What’s the “woke worldview,” and why won’t it work?
It all comes down to a Praxis Circle buzz word: Marxism.
Now before you accuse us of using Marxism as the proverbial boogeyman for all things worldview, we want you to know that there is good reason for our critique. If we think critically enough (or even a little at all), it is not hard to see that Marxism’s key tenet of group identity rules the philosophy of today—and, as a result, has created some pretty problematic societal divisions.
Marxism and allied elements of postmodernism undergirding the Woke movement hold that society is completely responsible for creating us as persons; that individuals do not matter at all in the long run; and that, nonetheless, certain groups and their members, without recanting, are reprehensible and unworthy of a public presence, and, finally, in certain egregious cases, of even a private one (meaning any life lived in dignity).
Don’t believe us? We’ve brought in Vivek Ramaswamy for backup:
According to this worldview, you are simply a fault line at the intersection of the tectonic plates of group identity. You aren’t really a free agent in the world, but simply a member of your “group” who is supposed to advance your group’s interests. Your race isn’t just the color your skin happens to be. It’s essential to your voice, your ideas, and your identity. This is what woke essentialism is all about: it posits that your genetically inherited attributes are the true essence of who you are.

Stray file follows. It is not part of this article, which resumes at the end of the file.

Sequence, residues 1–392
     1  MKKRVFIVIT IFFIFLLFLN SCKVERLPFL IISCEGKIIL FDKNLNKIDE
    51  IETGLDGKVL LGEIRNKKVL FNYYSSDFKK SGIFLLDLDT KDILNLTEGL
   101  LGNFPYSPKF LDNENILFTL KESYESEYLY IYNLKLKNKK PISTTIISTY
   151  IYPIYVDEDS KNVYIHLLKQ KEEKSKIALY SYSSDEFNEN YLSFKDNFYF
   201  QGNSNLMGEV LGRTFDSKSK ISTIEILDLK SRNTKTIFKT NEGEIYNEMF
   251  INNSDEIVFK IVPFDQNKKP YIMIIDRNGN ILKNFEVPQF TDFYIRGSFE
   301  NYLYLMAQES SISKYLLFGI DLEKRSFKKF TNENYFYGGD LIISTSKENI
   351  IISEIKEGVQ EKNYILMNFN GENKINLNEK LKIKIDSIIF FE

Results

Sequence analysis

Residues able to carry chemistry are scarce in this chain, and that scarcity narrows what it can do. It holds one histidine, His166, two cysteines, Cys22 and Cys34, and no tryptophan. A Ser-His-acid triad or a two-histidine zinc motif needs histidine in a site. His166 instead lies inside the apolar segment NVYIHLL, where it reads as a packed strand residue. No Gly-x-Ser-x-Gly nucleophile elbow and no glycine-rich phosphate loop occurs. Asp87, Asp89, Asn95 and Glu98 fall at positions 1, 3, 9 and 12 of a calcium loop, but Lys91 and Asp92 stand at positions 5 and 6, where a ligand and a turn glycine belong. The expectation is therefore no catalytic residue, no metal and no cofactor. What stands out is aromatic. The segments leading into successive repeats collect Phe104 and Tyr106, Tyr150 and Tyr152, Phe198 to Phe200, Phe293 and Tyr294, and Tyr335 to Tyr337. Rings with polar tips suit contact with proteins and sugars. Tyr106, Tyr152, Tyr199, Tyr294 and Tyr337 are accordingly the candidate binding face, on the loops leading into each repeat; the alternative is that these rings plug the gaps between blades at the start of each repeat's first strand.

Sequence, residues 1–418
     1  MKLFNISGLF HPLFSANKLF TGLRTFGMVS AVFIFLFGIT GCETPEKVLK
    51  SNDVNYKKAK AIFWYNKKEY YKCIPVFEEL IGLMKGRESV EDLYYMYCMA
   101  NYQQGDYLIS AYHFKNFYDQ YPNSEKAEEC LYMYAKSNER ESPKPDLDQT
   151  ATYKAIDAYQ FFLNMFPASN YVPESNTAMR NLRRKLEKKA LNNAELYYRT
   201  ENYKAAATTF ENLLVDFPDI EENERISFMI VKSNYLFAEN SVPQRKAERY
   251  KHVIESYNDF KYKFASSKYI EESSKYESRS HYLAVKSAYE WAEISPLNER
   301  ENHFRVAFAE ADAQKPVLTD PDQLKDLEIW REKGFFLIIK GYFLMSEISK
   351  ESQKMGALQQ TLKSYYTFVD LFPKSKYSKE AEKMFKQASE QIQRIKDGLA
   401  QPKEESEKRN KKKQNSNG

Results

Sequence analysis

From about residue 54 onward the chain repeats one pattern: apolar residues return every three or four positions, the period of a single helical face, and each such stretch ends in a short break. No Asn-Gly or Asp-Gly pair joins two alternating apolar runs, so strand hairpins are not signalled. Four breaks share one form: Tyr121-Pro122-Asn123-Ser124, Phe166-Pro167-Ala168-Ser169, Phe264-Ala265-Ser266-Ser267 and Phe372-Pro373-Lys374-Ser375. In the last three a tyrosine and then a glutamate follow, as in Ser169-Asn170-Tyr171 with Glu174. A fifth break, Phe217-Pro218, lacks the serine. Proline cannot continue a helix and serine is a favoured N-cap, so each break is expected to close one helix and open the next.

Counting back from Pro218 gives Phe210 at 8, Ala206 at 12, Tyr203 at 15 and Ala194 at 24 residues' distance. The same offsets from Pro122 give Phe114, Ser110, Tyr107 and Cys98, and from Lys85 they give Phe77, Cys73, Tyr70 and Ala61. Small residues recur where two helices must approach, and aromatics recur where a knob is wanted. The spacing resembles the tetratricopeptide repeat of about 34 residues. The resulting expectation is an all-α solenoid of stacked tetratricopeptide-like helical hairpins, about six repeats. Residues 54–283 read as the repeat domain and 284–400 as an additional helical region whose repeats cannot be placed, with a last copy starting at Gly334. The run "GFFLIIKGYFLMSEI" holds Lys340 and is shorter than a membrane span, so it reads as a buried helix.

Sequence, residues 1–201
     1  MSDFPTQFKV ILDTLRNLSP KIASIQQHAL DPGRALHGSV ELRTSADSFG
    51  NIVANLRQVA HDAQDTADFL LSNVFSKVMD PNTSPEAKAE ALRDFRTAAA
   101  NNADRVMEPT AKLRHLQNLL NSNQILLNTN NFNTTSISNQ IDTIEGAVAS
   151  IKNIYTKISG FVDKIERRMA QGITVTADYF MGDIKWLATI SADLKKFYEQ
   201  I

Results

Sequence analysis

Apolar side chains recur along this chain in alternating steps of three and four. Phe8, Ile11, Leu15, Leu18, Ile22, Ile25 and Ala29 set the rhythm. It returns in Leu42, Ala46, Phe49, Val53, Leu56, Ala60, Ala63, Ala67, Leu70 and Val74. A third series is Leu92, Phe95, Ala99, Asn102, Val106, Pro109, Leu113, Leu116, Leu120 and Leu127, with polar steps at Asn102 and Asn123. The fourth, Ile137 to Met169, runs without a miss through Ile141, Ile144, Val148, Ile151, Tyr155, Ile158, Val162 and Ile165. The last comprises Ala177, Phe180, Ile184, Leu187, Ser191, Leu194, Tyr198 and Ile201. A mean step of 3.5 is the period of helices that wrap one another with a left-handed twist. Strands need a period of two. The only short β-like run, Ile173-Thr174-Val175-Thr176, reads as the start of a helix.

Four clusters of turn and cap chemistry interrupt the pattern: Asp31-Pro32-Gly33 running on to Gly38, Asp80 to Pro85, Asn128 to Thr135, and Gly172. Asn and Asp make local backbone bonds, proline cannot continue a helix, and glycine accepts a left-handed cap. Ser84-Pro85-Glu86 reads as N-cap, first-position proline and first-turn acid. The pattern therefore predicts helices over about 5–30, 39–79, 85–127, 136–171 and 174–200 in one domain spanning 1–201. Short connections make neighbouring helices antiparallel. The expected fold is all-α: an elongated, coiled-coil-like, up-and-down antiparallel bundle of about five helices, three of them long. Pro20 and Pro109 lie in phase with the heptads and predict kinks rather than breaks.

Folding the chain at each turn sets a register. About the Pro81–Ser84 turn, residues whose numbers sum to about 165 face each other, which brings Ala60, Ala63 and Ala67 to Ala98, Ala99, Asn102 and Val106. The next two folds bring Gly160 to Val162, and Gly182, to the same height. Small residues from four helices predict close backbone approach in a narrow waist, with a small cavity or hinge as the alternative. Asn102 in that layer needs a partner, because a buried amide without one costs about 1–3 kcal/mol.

I reject that narrative, and I think every American should too. I’m not just a man. I’m a proud father, a loyal husband, and a grateful son. I’m not just a person of color. I’m a Hindu, a child of immigrants, an American citizen, and a proud native of Ohio. I’m not just a former CEO, but a scientist and an entrepreneur. I’m the author of my own destiny, sometimes for the better and sometimes for the worse, but always unlimited by what someone else thinks I should be. I’m not defined by any single one of those things. Rather, I am all of those things at once and a great deal more. Each of those identities is part of my personal mosaic—the mosaic that together comprises who I am as an American. That’s what true American pluralism is all about.
In contrast, the woke version of pluralism is to get a bunch of different-looking people together in the same room and celebrate that visible tableau of diversity. But that’s just putting lipstick on essentialism. True pluralism isn’t about celebrating the differences between us as people. It’s about the diversity of identities within each of us—rich mosaics that go beyond the color of our skin or the number of X chromosomes. Pluralism means rising above the narrow demands of woke culture to discover that there’s more to each of us than our immutable characteristics.